The CFPB has released a policy statement intended to explain the legal prohibition on abusive conduct in consumer financial markets. In 2010, in response to the financial crisis, Congress passed the Consumer Financial Protection Act, and created the prohibition on abusive conduct. This added a new term to a field of consumer protection that for many decades was already covered by the Federal Trade Commission.
The policy statement is flawed. If allowed to stand, it would detrimentally affect the consumer financial marketplace as we know it. The fact that one unelected official – the CFPB Director – can make such a sweeping change demonstrates the need for the CFPB to be more accountable to Congress, and thus to the electorate.
From the outset, the CFPB displays a lack of understanding of the consumer credit market:
The Bureau claims that lenders no longer have an incentive to ensure that a borrower had the ability to repay a debt. The CFPB provides no evidence to support such a statement. In fact, it cannot because it’s simply not true. Lenders have every incentive to ensure that their customers can repay the amounts they borrow, regardless of whether lenders securitize or not. Lenders do not make money when their borrowers do not repay their loans. Suggesting that securitization isolates lenders from default risk is false. The well-known history of increased repurchase demands from secondary market players during the 2010 financial crisis demonstrates that lenders are held accountable.
The CFPB claims that the financial crisis was caused by mortgage lenders profiting on loans that set people up to fail. This is revisionist history. In reality, the crisis was caused by the failure of ratings agencies to account for drops in housing prices. An unprecedented spike in unemployment also played a role, as people who lose their incomes are usually at elevated risk to default on financial obligations – a fact so obvious that it seems disingenuous at best that the CFPB suggests an alternate history.
While the CFPB does develop themes in an attempt to define acts or practices that they consider “abusive” such as: 1) materially interfering with consumers’ understanding of the terms and conditions of the transaction; 2) taking unreasonable advantage of the consumer; 3) a lack of understanding on consumers’ part; 4) inability of consumers to protect their interests; and 5) reasonable reliance by the consumer; due to their incorrect and inaccurate understandings, the CFPB says that the following could be considered abusive:
- Fine print and complex language;
- Form contracts;
- Pop-ups or drop-down boxes;
- Multiple click-throughs;
- If a consumer doesn’t benefit from a product or service;
- Complicated products;
- If an entity benefits from “increased market share, revenue, cost savings, profits, reputational benefits, and other operational benefits;”
- “Negative consumer outcomes;”
- A consumer having “unequal bargaining power;”
- Gaps in understanding, which are risks, which include default;
- A product or service the consumer complains about;
- Anything a consumer says is abusive;
- Risky transactions;
- If it takes too long to obtain the consumer financial product or service;
- Customer support taking too long;
- A consumer having to spend money;
- Servicing (when a customer cannot select the servicer), including credit reporting companies, debt collectors, and third-party loan servicers;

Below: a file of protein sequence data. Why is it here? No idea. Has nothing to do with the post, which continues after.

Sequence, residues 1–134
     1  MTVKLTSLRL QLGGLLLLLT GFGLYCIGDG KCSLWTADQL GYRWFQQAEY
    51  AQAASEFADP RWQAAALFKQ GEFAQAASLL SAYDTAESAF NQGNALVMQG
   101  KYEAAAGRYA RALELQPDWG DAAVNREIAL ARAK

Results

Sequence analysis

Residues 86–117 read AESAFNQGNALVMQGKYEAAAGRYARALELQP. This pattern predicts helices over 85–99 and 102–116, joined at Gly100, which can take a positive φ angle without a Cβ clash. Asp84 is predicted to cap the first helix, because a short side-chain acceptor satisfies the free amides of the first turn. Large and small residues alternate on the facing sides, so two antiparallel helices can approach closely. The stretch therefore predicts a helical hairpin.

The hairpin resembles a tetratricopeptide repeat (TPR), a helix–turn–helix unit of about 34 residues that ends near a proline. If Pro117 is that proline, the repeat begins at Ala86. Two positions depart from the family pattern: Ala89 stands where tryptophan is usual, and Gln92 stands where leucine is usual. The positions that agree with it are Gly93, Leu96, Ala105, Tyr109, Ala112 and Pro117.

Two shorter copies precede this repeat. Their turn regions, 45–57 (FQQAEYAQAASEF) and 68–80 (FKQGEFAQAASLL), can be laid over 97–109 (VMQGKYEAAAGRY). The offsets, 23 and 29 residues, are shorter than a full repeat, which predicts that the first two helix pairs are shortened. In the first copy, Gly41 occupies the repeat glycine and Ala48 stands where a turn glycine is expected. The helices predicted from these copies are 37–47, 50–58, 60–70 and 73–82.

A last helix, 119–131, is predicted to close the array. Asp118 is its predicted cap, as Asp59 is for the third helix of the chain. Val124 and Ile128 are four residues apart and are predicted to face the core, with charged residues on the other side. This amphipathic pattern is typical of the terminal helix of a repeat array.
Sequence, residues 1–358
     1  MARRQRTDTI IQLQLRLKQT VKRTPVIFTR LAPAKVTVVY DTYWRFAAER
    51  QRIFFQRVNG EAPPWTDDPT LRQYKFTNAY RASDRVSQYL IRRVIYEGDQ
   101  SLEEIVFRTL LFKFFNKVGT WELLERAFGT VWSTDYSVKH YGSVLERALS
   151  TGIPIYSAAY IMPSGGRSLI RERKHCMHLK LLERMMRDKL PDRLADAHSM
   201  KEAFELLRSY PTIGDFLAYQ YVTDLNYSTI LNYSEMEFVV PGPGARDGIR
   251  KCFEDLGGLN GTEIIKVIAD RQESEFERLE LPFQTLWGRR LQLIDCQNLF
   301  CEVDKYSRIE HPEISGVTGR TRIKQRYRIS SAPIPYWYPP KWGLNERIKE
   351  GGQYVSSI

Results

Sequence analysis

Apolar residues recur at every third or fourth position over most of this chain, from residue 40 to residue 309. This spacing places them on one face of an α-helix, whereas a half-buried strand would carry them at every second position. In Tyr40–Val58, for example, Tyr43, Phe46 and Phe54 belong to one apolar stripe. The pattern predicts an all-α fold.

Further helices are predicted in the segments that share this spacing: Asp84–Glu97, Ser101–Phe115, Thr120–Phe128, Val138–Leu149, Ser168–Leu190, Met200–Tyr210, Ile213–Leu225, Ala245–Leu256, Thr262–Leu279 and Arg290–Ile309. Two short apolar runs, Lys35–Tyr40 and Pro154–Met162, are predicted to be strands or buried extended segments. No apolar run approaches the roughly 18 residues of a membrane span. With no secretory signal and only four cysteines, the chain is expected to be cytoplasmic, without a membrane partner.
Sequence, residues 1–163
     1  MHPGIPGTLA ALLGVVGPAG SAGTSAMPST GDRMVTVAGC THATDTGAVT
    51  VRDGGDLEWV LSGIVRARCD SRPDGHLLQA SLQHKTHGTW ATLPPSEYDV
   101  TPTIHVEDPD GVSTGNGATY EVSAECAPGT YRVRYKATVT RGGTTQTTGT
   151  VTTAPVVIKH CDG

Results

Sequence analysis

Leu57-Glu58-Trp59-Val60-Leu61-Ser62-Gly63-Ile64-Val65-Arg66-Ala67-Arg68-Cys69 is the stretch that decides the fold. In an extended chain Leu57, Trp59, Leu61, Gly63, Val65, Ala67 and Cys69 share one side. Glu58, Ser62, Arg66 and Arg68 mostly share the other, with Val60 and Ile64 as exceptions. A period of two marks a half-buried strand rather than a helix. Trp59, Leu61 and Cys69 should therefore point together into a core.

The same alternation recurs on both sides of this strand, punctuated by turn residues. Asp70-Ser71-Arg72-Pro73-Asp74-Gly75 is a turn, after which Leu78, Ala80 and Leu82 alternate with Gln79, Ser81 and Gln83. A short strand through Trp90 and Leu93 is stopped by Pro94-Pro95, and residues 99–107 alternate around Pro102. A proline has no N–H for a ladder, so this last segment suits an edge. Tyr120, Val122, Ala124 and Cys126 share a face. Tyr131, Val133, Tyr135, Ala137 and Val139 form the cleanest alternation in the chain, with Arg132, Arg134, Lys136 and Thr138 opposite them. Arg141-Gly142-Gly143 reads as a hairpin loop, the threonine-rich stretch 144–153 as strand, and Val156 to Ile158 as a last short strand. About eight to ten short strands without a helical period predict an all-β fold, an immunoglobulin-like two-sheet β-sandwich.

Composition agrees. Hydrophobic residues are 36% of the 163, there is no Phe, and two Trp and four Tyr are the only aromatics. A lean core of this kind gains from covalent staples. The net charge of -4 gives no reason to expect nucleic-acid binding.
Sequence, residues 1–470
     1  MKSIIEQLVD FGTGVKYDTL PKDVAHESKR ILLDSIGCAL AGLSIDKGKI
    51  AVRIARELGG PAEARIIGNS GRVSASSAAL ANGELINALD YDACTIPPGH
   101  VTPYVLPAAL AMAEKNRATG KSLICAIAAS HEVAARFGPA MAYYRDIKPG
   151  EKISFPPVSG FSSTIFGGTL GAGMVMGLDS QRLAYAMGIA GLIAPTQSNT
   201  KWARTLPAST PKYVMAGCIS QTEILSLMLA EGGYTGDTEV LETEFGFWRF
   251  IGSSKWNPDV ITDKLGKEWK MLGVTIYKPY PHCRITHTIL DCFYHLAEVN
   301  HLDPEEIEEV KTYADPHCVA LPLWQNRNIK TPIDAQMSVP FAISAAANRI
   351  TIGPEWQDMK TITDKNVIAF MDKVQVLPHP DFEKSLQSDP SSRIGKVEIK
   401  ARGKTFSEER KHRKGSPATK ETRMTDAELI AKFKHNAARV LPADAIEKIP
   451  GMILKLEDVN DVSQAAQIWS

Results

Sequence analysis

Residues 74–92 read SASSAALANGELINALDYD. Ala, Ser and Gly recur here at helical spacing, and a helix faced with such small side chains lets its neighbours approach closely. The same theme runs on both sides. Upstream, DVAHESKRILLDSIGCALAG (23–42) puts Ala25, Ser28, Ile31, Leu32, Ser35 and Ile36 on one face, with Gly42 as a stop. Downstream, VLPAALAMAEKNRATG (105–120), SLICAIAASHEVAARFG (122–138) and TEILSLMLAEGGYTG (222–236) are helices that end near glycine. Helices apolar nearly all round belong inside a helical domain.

- Large companies; and
- Brokers who don’t have a fiduciary duty to the borrower.
The Bureau claims that abusiveness requires no showing of substantial injury to establish liability, so a business practice that causes no harm to consumers could still be determined by the Bureau to be abusive. How is this consumer protection?
The Bureau also says that the Dodd-Frank Act does not require an investigative accounting of costs and benefits to make a finding, and claims it can just conduct a qualitative assessment to determine if it thinks a company took advantage of a consumer.
In addition, the Bureau, in its way of thinking, says it does not matter whether the business in question causes a consumer’s lack of understanding through untruthful statements or other actions or omissions. The fact that the consumer simply claims to not understand something is sufficient to be abusive. By this logic, a consumer who simply does not understand how food is packaged, is being abused when they purchase a can of peas. Moreover, it indicates that a lack of understanding can be caused by unrelated third parties and can exist even when there is no contractual relationship between the person and the entity accused of taking unreasonable advantage of the person’s lack of understanding. Furthermore, the statutory text of the prohibition does not require that the consumer’s lack of understanding be reasonable to demonstrate abusive conduct. Similarly, the prohibition does not require proof that some threshold number of people lacked understanding to establish that an act or practice was abusive. There may be a violation with respect to some consumers even if other consumers do not lack understanding. This absolute reliance on subjectivity essentially puts an impossible burden on industry to conduct business.
This policy statement, with its false foundations and wild potential consequences, will cause great concern for the consumer finance industry and should cause great concern for Congress, which has oversight of the CFPB. Creditors will certainly have a difficult time understanding how to maintain a business that avoids the pitfalls of the broad “abusive” standard. But as an example of the urgent need to reform the CFPB, this document is more than understandable.
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